To beef up for my final shot at being Miss Chicken USA, Betsy told me I better get in the kitchen and perfect my presentation and technique.  The contest required a dish be made twice within two hours and they could not be made simultaneously.  One plate was for the judges and the other was for pictures and for people to drool over.  All the top executives from major poultry producers were there and hung out with us as we were treated to meals and tours of the city.  It was quite entertaining to sit around a table drinking margaritas with men whose professional lives revolve around poultry.  The other contestants were great fun and gave me many tips on cooking contests.  One woman had been to the chicken cook-off finals three times.  The contest was held at the Culinary Institute of America’s newly opened San Antonio campus.  The afternoon before the contest, we inspected our ingredients and the facilities so we would be prepared for the next morning’s big event.  It was so formal and again I wanted to laugh at the formality.   The contest took place in the morning and we had about 15 minutes to put our aprons on, get settled at our stations, and start cooking before the event was opened to media, sponsors, and anyone else who was interested.  So now that you have been held in suspense for a few minutes, it is time to tell you that we had a great weekend but did not win.

The "Poultry Executives" accompanied us to the CIA for our tour.
Time to inspect our ingredients, cooking utensils, and make sure everything is just right before the morning competition.  No laughing Nancy, this is serious.
Time to start cooking in the new state of the art kitchen and get into a cooking groove before the media rushes in.
My work station.  
All the dishes laid out for viewing.
The winner!
Oh, and I never got the glittery sash (just a white apron) but we sure do have a new appreciation for chicken.  Enjoy the recipe.  

Panko-Crusted Chicken Salad with Grilled Stonefruit and Pomegranate-balsamic Dressing

¾         cup pomegranate juice
¼         cup balsamic vinegar
2          Tbsp. honey
3          Tbsp. orange juice
½         cup olive oil
2          plums, firm or frozen
2          peaches, firm or frozen
1          Tbsp. olive oil
4          boneless, skinless chicken breasts
1          cup flour
4          eggs
2          Tbsp. water
5          cups panko
3          Tbsp. butter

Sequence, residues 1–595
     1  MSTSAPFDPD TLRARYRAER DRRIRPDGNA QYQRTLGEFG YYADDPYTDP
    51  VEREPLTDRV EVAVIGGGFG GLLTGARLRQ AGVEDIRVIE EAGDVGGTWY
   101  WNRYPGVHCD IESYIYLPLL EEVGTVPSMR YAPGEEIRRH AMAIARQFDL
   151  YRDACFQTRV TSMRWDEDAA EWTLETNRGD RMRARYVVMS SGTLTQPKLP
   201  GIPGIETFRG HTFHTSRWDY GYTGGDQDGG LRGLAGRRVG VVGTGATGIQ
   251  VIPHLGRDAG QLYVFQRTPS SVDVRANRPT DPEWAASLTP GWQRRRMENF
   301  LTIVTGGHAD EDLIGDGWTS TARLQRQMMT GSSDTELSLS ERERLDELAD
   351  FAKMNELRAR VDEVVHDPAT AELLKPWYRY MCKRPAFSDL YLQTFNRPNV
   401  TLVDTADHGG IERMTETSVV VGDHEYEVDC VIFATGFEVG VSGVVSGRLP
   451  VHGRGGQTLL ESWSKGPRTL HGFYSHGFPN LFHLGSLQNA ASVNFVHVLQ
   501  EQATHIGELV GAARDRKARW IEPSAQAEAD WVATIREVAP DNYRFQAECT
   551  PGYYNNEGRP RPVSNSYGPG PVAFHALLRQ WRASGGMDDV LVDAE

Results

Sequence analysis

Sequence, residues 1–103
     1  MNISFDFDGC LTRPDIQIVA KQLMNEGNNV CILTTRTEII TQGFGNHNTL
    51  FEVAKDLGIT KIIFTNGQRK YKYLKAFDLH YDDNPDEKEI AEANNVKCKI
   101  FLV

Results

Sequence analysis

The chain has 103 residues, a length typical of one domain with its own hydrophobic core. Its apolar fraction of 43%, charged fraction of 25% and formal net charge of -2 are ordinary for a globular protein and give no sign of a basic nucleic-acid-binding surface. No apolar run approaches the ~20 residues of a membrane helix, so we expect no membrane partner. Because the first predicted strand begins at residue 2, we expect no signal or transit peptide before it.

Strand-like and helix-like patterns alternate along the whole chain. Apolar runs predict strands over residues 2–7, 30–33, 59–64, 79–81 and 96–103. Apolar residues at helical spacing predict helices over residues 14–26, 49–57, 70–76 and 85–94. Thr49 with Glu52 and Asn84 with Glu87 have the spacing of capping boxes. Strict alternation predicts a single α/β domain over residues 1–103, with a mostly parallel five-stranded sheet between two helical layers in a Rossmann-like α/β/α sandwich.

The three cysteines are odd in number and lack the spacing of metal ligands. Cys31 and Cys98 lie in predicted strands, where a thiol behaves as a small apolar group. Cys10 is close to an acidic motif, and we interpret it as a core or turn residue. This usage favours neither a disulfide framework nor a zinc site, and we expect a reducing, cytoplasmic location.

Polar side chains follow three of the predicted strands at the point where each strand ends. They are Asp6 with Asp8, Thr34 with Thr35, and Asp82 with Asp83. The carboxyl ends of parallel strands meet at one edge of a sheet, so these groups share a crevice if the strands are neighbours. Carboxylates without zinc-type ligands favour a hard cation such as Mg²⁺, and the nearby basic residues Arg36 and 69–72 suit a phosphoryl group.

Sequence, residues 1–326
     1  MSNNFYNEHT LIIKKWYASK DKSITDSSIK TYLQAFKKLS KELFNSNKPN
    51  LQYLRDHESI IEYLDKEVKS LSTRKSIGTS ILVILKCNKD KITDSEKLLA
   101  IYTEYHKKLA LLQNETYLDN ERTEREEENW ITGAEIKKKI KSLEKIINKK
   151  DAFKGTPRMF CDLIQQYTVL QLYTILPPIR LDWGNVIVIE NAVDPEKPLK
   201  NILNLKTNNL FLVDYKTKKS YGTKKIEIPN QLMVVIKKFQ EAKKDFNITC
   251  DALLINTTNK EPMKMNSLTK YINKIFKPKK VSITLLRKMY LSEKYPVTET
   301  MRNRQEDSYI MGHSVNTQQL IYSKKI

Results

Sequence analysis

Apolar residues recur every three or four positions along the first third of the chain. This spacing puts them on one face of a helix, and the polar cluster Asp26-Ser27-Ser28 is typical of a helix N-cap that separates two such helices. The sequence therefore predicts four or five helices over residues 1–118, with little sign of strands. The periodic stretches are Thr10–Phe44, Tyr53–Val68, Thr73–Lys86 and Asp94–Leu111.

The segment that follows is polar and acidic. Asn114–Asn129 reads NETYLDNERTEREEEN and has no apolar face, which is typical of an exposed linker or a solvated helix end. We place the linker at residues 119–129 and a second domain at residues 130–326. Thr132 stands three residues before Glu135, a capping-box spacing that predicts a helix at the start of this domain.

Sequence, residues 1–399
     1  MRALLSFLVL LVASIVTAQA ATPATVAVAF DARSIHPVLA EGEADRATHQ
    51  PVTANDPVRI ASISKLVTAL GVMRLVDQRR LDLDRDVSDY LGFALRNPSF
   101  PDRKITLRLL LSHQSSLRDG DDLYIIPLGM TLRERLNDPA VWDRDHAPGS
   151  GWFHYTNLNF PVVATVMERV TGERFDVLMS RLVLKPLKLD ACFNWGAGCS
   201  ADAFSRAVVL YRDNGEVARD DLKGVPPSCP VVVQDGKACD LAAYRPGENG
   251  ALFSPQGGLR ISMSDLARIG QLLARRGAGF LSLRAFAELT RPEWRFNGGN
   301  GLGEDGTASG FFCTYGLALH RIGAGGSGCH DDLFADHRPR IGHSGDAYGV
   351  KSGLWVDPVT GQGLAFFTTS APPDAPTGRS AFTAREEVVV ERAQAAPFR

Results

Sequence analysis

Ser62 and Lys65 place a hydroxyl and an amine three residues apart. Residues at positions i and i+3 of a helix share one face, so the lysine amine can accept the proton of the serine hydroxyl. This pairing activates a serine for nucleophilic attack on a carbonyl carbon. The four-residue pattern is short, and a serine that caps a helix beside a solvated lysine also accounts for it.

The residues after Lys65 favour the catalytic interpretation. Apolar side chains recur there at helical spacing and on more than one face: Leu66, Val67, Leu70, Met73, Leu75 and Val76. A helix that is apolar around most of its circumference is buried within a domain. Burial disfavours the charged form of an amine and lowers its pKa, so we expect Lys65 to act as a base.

2          Tbsp. olive oil
3          oz. feta cheese, crumbled
4          cups arugula, washed and dried
Salt and pepper

Put pomegranate juice and balsamic vinegar in a small sauce pan and reduce over medium heat until syrupy, approximately 20-25 minutes. Stir every few minutes.  Add honey and orange juice and simmer for 5 minutes to combine. Whisk in ½ cup olive oil.

Cut both plums and peaches in half to remove seeds.  Cut seeded fruit into 6 wedges.  Add 1 Tbsp. olive oil to sauté pan and heat over medium-high heat.  Place fruit wedges in sauté pan and cook for 4 minutes on each side, just until fruit starts to turn brown and sugars caramelize.  Remove fruit and reserve.

Place individual chicken breasts between 2 sheets of plastic wrap.  Pound until ½ inch thick.  Salt and pepper the pounded breasts.  Preheat a sauté pan over medium-high heat and add 3 Tbsp. butter and 2 Tbsp. olive oil.  Place flour in a large plate.  Crack eggs in a deep dish and whisk in water.  Place panko in another deep dish.  Dredge chicken breast flour, then place in egg wash, let excess drip off, and then place in panko, turning chicken over to coat both sides. Repeat with other chicken breasts.  Put chicken breasts in the hot sauté pan (do not overcrowd) and cook for 3-4 minutes per side or until chicken is golden brown and cooked through.

Remove chicken from pan and cut into slices.  Place onto of arugula, add fruit and crumbled feta cheese.  Drizzle pomegranate dressing on top.  Serves 4.


This recipe can be adjusted to your taste.  Use goat or blue cheese if you prefer.  If you don't like arugula, use spring mix, butter lettuce, or what ever else you like.  Try veal or pork chops for something different.


  1. Wow! The recipe sounds great! (I want to eat at your house :) )

  2. Can we also get the recipe for the Chinese chicken burgers? Those also sound yummy.
    When are you entering another contest?
    You're a natural.

  3. Ginger - I will try to find the recipe for the chicken burgers and send it to you. I never tried them but they do sound really good.